A Big Reason You Don’t Want to Go Back to the Office? Sound.

Your workplace is filled with unwanted noise, which causes mental and physical stress. This company wants to change your soundtrack.

Stock photo of a man with headphones working in an office. The sound of your office can have negative or positive effects.
The day-to-day sounds in your office could contribute to your stress.
Solskin / Getty

Can the actual sound of an office entice you to return to work?

According to Alex Coutts, the senior vice president and head of experience at Made Music Studio, the right use of sound can markedly improve an employee’s workplace environment. His company has previously noted that unpleasant noise has been linked with mental and physical stress (anxiety, heightened blood pressure, etc.) and that a lack of control over one’s sonic environment can create dissatisfaction with the workplace.

“Before the pandemic, two-thirds of U.S. office workers were in open office environments filled with bad acoustics and distracting noises from loud group meetings, phone and video calls, watercooler chatter, and the clicking of keyboards,” Coutts writes in MIT Sloan Management Review. “But it doesn’t have to be this way.”

Instead, he proposes that companies focus on a sound environment that fosters better privacy for workers, masks bad noise and enhances mood, focus and productivity. Among the suggestions:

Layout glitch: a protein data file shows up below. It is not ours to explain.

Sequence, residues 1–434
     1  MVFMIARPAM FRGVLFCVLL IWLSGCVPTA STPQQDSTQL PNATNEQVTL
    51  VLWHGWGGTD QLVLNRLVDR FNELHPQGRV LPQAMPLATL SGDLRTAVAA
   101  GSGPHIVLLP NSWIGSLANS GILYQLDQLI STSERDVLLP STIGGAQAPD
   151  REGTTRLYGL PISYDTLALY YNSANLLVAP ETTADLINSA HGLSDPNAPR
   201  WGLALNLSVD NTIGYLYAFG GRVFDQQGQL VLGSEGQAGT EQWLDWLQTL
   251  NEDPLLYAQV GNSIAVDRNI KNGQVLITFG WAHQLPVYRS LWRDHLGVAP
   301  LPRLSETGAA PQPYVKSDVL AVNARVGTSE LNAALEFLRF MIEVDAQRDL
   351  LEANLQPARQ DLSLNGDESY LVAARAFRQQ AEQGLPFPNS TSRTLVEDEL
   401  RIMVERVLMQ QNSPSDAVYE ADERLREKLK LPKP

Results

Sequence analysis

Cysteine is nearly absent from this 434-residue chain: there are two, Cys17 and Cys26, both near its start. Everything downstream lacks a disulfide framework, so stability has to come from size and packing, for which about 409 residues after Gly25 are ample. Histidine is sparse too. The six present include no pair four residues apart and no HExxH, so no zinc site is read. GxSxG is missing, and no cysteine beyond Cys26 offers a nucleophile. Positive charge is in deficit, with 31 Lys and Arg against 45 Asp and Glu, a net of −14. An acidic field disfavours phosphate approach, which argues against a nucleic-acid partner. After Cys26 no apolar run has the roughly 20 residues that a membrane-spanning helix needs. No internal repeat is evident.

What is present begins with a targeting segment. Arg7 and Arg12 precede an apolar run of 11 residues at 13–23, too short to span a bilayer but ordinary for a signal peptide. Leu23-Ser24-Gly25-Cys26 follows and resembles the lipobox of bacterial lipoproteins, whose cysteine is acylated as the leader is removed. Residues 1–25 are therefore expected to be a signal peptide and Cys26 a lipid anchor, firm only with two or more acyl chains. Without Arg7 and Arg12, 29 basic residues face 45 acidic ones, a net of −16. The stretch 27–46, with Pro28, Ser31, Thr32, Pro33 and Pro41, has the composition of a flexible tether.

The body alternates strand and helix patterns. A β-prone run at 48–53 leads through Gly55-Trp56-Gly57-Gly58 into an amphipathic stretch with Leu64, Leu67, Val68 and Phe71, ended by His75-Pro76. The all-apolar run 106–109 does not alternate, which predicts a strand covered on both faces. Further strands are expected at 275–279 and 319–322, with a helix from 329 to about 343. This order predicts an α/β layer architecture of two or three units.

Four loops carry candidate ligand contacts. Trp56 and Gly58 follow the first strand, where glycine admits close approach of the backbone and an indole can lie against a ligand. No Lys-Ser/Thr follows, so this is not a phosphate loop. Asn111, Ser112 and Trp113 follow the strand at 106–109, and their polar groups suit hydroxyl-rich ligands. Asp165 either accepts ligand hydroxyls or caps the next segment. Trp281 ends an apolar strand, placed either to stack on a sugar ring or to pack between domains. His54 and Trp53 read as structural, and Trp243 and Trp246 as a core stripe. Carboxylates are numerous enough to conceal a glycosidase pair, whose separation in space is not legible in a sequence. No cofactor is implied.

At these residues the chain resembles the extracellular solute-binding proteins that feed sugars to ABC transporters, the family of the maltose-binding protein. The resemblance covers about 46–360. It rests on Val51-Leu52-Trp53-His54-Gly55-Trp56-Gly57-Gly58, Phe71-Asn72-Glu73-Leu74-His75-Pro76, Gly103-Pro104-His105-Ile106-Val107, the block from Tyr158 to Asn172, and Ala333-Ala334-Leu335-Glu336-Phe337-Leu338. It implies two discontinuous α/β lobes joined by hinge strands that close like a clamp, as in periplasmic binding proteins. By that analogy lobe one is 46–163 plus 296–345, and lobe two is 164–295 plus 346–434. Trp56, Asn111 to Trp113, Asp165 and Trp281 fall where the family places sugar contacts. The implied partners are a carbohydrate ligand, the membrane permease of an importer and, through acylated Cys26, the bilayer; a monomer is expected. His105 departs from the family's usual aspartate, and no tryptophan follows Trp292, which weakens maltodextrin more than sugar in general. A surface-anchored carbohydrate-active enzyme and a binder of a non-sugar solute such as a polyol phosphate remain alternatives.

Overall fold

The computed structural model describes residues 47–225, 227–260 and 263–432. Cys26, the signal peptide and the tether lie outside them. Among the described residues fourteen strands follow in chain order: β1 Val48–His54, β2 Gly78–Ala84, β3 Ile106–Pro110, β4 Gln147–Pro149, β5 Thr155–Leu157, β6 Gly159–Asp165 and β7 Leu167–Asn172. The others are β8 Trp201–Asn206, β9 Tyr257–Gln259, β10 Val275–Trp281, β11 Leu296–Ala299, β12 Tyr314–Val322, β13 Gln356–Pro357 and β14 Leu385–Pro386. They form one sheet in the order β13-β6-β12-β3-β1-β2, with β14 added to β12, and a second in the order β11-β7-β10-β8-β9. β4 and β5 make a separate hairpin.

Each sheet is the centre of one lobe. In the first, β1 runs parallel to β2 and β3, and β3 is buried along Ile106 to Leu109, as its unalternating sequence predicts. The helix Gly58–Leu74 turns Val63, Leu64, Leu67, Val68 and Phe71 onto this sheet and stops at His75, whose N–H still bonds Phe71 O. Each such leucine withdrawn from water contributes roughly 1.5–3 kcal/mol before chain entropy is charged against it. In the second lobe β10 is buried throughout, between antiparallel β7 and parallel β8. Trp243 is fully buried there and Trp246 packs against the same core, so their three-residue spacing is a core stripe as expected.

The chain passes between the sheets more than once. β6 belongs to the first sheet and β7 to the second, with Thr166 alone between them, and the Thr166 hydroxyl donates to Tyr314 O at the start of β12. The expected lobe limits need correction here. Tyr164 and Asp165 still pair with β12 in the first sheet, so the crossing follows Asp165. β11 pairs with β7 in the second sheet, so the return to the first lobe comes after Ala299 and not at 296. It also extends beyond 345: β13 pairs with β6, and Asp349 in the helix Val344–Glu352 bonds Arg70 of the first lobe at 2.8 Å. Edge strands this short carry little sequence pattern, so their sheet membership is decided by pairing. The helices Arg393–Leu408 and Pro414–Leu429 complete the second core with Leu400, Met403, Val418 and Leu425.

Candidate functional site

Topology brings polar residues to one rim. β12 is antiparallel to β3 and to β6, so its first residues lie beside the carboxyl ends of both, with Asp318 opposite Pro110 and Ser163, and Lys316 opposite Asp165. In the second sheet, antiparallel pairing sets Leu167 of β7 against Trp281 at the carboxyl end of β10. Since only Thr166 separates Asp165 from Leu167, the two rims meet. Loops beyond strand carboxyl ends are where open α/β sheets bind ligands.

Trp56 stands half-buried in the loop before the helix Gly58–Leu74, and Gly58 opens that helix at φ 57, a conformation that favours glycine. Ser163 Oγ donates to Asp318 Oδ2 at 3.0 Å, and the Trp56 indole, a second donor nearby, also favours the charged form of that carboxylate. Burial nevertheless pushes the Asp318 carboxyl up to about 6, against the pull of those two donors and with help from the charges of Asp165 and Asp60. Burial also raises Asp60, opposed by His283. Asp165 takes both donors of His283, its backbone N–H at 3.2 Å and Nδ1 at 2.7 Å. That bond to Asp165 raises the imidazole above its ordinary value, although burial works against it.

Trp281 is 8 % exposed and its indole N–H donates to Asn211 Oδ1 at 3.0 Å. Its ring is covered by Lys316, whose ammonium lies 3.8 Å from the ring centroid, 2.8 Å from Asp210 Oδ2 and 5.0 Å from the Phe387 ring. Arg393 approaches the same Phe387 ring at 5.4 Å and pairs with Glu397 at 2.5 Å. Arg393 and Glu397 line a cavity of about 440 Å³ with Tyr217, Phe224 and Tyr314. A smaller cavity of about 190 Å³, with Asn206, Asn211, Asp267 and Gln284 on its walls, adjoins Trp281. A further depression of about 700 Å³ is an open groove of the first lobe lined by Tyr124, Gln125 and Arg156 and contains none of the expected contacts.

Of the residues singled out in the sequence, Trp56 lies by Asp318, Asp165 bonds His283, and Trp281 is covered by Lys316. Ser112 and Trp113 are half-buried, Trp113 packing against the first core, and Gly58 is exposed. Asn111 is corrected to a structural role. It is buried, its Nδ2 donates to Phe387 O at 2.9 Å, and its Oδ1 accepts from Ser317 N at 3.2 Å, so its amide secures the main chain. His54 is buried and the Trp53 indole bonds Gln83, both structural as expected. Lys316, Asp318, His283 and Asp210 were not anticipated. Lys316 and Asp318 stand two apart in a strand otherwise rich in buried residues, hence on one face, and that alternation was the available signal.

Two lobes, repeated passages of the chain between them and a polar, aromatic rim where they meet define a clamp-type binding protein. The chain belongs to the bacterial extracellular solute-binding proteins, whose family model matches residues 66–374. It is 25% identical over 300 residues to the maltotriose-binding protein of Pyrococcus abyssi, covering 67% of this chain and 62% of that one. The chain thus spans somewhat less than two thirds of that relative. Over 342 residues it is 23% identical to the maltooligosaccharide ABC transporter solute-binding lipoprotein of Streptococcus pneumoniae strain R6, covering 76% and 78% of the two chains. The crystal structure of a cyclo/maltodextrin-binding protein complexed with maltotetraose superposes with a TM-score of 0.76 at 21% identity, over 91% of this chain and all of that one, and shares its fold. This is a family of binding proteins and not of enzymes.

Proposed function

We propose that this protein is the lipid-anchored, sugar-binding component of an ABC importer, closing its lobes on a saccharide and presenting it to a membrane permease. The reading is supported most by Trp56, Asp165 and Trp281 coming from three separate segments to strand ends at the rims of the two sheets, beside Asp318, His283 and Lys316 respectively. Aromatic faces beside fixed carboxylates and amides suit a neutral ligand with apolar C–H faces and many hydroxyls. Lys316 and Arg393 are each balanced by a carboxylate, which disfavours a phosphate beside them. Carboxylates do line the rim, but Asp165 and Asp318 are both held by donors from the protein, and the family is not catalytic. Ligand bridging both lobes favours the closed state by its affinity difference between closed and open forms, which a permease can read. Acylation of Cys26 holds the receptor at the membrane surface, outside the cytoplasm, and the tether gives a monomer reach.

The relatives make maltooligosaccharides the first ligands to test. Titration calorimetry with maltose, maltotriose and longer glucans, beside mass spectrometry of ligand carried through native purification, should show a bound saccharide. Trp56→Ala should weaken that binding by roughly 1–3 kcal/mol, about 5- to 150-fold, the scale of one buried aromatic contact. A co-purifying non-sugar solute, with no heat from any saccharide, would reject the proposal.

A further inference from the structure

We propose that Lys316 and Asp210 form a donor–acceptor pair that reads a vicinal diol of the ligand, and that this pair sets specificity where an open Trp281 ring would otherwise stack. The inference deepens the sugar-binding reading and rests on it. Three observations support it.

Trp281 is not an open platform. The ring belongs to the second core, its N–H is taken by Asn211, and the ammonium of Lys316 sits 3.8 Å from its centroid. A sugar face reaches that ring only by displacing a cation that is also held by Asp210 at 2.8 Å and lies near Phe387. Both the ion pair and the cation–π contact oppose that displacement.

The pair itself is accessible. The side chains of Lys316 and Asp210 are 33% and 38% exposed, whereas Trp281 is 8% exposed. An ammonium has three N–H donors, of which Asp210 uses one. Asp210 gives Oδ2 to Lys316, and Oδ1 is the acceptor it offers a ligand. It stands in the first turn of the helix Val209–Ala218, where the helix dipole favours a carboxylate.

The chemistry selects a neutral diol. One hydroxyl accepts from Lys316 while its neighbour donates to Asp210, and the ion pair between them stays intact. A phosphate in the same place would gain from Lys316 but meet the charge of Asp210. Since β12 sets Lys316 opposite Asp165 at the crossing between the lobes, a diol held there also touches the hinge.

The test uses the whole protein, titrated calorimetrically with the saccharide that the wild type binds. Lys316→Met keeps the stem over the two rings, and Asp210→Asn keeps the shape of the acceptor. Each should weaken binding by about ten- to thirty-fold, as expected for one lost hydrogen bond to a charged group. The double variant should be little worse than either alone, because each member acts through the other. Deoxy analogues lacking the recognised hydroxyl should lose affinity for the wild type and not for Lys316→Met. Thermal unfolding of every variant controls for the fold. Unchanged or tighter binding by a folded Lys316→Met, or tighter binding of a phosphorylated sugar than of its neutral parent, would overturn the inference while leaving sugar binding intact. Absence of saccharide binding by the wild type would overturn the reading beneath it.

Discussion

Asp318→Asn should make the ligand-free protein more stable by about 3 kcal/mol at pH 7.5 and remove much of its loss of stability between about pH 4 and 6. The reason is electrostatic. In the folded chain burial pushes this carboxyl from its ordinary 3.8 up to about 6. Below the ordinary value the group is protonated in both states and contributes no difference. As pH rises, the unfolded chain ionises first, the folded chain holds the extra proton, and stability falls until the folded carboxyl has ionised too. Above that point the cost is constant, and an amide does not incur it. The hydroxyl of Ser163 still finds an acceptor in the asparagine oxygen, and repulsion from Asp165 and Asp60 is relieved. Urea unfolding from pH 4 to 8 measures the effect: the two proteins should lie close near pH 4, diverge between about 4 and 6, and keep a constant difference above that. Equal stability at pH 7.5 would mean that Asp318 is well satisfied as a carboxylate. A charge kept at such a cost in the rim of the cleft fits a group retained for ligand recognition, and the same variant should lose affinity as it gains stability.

• Ditch or enhance the open-floor design with private areas designed for focused work. And that room’s soundtrack could offer increased silence, white noise or even ambient music.
  • To increase collaboration, create “smart” soundscapes — which here are defined as dynamic soundscapes that adapt in real-time to the hour of the day, decibel level or occupancy level.
  • Because our brains process sound more quickly than other senses, the office should be designed to create a good first impression, or “cultivating calm in the short term and building a deeper sense of belonging in the long term.” This could be done via (again) ambient soundscapes that welcome people to a space.

Obviously, Made Music has a business incentive to suggest soundtracking or redesigning your office for sound enhancement — they’ve worked with companies like American Express to achieve some of the goals listed above. But given that some companies want more workers back in the office while the employees aren’t necessarily thrilled with returning, creating a better workspace environment for all the senses seems like a solid idea — especially if you leave it to professionals, and not the guy in the office who has a “really cool indie playlist.” (Otherwise, may we suggest some good noise-canceling headphones?)

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